The below content and projections are the opinion of the authors. Any conclusions or takeaways are their own. This should not be considered as investment advice. Investing involves the risk of loss and returns are not guaranteed.
1) Brands and celebrities go big on NFTs, as trend shows no signs of cooling down.
Everyone, it seems, is trying to ride the non-fungible wave. In the past five days alone, Tom Brady’s NFT company Autograph raised $170 million; Coinbase and Mastercard — both holdings in Titan’s Flagship portfolio — partnered to make buying NFTs easier; and Twitter rolled out capabilities for users to display NFTs as their profile pictures. The letters N, F, and T are managing to emerge from almost every corner of the culture right now: we’ll watch to see how durable this hot trend can remain.
2) A correction hits the NASDAQ, with a potential further decline ahead.
As of market close on Wednesday, January 19, the Nasdaq Composite index officially entered a correction. A “correction” in financial markets is defined as an index declining at least 10% from its most recent high. This week, Titan’s investment team activated the maximum hedge for clients across our equity strategies, as our team believes that, in the weeks ahead, the markets’ most likely trajectory is to go lower. Financial markets have been on unsteady footing for the last few months, and the ground looks no firmer today.
3) A Blizzard may lay ahead for Microsoft, after investing 11 figures into metaverse deal
On Tuesday morning, January 18, Microsoft announced its largest-ever deal on record: a $68.7 billion deal to acquire video game maker Activision Blizzard. The all-cash deal values Activision at $95 per share. Microsoft’s announcement declared that the combination of these businesses “will provide building blocks for the metaverse.” But, back in the real world, it appears investors have some concerns. Shares of Activision have traded near ~$82 since the announcement, a discount of around 15% to the buyout price and a spread suggesting elevated worries over regulations and other potential complications ahead.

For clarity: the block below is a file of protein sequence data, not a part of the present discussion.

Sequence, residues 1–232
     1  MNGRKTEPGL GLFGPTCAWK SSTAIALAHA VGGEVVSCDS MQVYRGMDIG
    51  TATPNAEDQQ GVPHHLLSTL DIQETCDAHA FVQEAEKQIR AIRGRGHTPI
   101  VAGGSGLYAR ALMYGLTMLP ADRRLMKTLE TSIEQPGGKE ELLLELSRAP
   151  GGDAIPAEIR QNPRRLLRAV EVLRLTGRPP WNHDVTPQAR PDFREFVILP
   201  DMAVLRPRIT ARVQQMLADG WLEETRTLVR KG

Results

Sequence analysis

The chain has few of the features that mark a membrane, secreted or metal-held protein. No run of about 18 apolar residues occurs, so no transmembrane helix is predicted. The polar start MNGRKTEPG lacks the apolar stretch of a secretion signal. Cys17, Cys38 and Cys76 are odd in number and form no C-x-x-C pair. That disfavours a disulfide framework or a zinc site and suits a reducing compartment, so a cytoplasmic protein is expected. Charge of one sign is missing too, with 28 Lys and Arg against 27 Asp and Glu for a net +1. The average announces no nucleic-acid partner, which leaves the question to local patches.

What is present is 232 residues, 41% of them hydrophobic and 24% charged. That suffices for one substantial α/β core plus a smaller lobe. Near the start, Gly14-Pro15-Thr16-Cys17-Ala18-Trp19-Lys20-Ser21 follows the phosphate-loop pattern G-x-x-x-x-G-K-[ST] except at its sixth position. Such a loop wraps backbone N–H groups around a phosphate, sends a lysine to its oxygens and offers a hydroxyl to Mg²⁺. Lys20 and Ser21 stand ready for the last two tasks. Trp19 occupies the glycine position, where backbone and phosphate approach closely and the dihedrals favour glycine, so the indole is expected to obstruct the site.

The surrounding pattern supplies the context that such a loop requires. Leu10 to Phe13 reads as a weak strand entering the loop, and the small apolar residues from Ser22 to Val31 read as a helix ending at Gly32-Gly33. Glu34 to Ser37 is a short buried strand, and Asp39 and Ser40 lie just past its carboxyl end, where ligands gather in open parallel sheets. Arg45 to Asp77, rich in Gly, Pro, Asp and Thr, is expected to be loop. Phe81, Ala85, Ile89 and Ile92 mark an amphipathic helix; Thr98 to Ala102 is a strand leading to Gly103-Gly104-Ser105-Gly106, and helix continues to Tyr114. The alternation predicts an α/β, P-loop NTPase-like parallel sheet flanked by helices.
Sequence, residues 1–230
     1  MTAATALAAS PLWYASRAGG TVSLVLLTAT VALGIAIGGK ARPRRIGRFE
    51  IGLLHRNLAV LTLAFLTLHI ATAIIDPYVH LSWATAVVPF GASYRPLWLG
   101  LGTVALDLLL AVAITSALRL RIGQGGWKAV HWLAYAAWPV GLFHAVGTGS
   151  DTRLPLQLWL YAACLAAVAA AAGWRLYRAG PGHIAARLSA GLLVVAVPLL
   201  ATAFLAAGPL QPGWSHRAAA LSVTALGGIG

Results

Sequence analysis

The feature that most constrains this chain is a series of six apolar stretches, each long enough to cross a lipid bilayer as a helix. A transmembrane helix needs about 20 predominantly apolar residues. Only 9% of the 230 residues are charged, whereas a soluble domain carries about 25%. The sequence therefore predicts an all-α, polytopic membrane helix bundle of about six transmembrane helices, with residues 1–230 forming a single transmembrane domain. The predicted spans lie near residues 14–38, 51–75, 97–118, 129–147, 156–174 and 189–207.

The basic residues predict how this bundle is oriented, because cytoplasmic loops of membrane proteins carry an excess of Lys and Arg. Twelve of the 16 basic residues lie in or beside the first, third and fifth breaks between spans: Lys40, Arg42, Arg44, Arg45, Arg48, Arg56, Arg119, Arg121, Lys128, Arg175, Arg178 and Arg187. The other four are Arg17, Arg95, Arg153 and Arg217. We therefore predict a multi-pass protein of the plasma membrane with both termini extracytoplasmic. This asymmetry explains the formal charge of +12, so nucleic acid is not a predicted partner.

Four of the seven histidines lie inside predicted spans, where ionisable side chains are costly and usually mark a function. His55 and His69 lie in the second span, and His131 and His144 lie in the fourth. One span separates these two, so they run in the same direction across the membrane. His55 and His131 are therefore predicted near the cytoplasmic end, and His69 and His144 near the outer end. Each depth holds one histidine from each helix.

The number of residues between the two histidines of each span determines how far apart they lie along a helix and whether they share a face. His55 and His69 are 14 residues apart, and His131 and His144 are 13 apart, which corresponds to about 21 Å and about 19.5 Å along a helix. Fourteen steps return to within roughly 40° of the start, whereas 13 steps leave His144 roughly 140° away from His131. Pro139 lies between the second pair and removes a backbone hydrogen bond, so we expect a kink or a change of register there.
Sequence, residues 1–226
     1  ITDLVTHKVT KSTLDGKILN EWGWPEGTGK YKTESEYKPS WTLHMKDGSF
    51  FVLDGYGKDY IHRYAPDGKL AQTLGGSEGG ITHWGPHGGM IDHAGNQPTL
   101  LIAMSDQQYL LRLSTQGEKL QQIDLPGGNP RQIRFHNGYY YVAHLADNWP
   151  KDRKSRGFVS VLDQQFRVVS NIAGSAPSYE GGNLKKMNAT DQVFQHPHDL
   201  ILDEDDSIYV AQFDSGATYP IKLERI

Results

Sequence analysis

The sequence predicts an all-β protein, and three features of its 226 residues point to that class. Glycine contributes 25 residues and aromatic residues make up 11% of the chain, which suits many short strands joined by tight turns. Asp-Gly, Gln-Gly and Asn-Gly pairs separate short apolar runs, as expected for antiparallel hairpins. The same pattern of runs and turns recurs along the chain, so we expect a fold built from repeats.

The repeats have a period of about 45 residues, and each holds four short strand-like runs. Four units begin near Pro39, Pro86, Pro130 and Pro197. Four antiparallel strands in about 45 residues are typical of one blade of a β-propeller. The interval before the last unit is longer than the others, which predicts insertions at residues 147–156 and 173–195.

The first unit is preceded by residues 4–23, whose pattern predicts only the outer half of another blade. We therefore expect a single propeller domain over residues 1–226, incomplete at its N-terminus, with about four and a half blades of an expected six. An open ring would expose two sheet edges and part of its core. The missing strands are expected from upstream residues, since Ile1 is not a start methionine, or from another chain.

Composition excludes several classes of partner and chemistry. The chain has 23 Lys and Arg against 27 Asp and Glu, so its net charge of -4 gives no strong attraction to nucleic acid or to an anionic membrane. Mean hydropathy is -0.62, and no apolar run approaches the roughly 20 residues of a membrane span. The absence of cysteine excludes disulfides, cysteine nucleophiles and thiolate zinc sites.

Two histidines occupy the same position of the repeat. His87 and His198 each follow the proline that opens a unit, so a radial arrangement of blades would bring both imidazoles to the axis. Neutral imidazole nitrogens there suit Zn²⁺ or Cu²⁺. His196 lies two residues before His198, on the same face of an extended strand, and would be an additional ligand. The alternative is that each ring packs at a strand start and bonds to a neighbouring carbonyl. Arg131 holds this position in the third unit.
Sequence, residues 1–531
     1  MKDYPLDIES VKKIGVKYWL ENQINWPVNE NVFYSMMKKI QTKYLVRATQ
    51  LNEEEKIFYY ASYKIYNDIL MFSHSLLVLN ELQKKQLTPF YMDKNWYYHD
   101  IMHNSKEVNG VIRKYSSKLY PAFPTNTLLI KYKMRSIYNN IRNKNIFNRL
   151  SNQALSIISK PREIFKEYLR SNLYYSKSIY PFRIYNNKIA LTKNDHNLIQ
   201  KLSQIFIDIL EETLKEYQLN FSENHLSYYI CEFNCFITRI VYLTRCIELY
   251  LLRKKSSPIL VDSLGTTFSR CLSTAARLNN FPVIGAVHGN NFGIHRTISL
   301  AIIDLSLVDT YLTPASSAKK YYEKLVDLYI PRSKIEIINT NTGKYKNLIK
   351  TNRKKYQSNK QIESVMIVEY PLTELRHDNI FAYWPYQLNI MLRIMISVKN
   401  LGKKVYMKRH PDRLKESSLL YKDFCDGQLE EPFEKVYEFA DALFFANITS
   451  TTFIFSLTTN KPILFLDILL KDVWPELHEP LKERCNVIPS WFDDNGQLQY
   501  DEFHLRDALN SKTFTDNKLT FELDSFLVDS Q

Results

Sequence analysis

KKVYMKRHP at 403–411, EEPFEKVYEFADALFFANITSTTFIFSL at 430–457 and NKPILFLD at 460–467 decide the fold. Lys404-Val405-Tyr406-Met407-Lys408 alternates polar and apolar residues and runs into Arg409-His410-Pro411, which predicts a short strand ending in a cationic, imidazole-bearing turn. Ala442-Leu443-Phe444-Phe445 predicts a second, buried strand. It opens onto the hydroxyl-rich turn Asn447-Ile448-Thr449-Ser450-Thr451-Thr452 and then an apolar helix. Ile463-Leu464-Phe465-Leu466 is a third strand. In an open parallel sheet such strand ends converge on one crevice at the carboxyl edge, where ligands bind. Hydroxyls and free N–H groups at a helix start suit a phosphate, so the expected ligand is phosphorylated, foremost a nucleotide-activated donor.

The housing market often reflects the state of the overall economy. And right now, that means prices are going higher, demand remains strong, but availability is spotty.
The monthly report on home builder sentiment is, admittedly, a niche piece of market data. But we think Tuesday’s update from the National Association of Homebuilders (NAHB) offered up a clean outline of the “some good, some bad” state of the recovery.
“While lean existing home inventory and solid buyer demand are supporting the need for new construction, the combination of ongoing increases for building materials, worsening skilled labor shortages and higher mortgage rates point to declines for housing affordability in 2022,” NAHB chief economist Robert Dietz said in Tuesday’s report.
Taking a step back, Dietz might’ve been talking about the housing market, the yogurt aisle, or the furniture store.
Meanwhile, homebuilder sentiment remains at the same levels as the spring of 2021, which was by most metrics the hottest housing market in over a decade.
So that “some good, some bad” assessment holds steady: the cul de sac is half empty, or half full – depending on who you ask.
Sports are fun and business is boring. Or at least, that used to be true.
As the NFL Playoffs continue this weekend, anyone in the state of New York knows what that means: a tidal wave of ads for legal sports betting. And with it, the continued blurring of the lines between business, sports, money, and what constitutes a good time.
At the beginning of the Covid-19 pandemic, when the sports world along with most everything else was shut down, a popular hypothesis was that the speculative energy poured into sports betting would find its way into financial markets.
The number of retail participants in financial markets has risen notably over the last few years. And the “meme stock” events that captured investor attention over the course of 2021 certainly suggested elevated levels of risk-taking had entered the market. There is no doubt that for some investors, picking stocks became a game.
Unlike sports gambling, however, speculation is just one of many features of the stock market. And unlike the sports world, in financial markets, prices and actions are a two-way street. Public companies are incentivized to create value for their shareholders while athletes and coaches owe bettors nothing in return.
In the sports betting world, the chase is all there is — the thrill of victory and the anguish of defeat. In financial markets, things are often more boring than not. And that can be a good thing.
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